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State of Arkansas Observes First Johnny Cash Day


Gathered at the State Capitol are (from left) Shane Broadway, vice president, Arkansas State University System; State Rep. Johnny Rye; Penny Toombs, director, Dyess Colony: Johnny Cash Boyhood Home and Southern Tenant Farmers Museum; Gov. Asa Hutchinson; Dr. Adam Long, executive director, Arkansas State University Heritage Sites; State Rep. Jon Milligan; and State Sen. David Wallace. (photo credit: Randall Lee, photographer, Office of the Governor)

JONESBORO – While winter weather delayed the ceremony, it could not stop the celebration of the first official Johnny Cash Day for the state of Arkansas.

The world-famous native son was born on Feb, 26, 1932, in Kingsland, then in 1935, the Cash family moved to Dyess in Northeast Arkansas and began sharecropping.  Thanks to the efforts of Representative Johnny Rye of Trumann and Senator Trent Garner of El Dorado, Act 916 passed the Arkansas General Assembly in 2021 and was signed into law by Governor Asa Hutchinson.

Ice and sleet across the state delayed the inaugural recognition at the state capital until Wednesday, March 2, as the key legislators and members of the Arkansas State University Heritage Sites gathered to mark the first Cash Day.  In upcoming years, Johnny Cash Day will be celebrated on his Feb. 26 birthday at the Historic Dyess Colony, which is also the site Johnny Cash Boyhood Home.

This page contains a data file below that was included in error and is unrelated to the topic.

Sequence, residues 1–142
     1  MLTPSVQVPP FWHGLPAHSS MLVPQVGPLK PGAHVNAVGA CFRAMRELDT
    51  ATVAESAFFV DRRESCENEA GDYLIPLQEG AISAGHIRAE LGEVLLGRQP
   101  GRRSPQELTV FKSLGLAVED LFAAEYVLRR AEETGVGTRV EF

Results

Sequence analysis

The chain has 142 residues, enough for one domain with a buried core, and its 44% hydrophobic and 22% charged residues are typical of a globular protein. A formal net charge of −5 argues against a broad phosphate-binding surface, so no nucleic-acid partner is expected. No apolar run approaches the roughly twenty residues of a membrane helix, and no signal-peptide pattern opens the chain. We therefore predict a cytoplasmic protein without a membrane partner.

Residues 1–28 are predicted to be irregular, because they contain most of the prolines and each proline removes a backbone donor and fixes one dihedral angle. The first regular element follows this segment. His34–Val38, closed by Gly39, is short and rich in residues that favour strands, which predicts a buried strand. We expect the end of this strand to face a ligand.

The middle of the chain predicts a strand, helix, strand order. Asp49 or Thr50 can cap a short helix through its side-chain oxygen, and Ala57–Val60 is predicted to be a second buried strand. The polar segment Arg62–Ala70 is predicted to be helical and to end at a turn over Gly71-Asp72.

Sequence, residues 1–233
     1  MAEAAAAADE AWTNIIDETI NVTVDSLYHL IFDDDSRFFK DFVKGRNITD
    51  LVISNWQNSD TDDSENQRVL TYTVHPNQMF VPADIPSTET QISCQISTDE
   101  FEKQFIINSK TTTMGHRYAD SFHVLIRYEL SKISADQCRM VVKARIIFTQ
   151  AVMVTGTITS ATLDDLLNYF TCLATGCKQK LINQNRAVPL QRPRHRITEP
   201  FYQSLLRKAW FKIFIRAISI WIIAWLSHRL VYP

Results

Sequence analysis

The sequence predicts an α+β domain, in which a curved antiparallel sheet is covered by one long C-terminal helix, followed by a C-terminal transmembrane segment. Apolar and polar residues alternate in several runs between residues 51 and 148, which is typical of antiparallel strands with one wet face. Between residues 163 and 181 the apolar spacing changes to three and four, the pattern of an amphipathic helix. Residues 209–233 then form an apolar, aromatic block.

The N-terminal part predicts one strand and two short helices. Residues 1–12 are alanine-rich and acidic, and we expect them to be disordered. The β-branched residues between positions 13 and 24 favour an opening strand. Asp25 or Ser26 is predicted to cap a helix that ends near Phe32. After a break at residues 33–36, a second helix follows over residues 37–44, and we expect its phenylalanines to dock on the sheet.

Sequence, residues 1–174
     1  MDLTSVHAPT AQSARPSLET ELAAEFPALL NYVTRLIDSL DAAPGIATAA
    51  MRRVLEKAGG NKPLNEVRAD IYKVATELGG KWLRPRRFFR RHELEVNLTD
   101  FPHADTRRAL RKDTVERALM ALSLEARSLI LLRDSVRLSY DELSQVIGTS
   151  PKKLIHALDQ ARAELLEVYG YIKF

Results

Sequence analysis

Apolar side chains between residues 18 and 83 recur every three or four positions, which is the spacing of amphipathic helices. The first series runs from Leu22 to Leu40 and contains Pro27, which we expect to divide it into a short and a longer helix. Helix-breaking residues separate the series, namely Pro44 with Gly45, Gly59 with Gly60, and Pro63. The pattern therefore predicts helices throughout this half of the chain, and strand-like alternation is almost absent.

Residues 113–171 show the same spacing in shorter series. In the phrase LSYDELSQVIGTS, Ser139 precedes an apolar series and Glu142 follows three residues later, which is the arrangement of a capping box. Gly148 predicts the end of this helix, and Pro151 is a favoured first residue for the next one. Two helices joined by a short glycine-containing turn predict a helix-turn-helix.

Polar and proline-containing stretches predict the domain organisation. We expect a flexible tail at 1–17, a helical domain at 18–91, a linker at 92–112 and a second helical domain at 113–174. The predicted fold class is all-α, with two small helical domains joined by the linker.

It was at farm number 266 at Dyess Colony where the future Grammy-award winning artist grew up until he departed home to serve in the military.  His time there influenced many of Cash's songs, such examples include the 1937 flood and the Great Depression.

The A-State Heritage Site has fully restored Cash’s home, and each year also holds the Johnny Cash Heritage Festival.  Stars such as Kris Kristofferson, Willie Nelson and Jamie Johnson have performed during the yearly event, hosted by Rosanne Cash and John Carter Cash.

Along with his own prolific, decades-long career, Cash’s music influenced artists such as Bob Dylan, Bruce Springsteen, and the Byrds.

The naming of an official state day coincides with Cash’s selection to become one of the two statues representing the state of Arkansas at the United States Capitol rotunda.

To learn more about the Historic Dyess Colony: Johnny Cash Boyhood Home, visit the A-State Heritage Site on the internet at DyessCash.AState.edu.  The museum is located in Dyess, Ark., and is open Monday-Saturday, with tours on the hour from 9 a.m. – 3 p.m.

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